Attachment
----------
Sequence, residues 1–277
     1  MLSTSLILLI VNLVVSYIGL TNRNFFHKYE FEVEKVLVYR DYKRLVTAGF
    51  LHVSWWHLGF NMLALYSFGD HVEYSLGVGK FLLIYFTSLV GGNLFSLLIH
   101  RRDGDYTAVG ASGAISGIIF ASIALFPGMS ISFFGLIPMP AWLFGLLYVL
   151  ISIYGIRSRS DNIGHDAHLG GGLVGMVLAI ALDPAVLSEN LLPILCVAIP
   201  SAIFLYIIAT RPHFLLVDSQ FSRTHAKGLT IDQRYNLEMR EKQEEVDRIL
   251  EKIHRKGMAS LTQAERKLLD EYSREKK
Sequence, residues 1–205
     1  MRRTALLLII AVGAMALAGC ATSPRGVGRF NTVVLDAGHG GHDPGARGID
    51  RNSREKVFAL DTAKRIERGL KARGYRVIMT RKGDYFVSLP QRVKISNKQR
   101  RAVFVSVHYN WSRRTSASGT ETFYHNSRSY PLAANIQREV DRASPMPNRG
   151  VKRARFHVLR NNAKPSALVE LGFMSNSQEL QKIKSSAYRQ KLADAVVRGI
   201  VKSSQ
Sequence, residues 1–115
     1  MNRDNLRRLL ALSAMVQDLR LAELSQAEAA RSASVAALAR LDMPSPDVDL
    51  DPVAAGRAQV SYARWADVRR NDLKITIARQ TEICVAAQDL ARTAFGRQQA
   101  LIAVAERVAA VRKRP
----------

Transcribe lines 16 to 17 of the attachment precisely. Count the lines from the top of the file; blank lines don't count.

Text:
    51  DPVAAGRAQV SYARWADVRR NDLKITIARQ TEICVAAQDL ARTAFGRQQA
   101  LIAVAERVAA VRKRP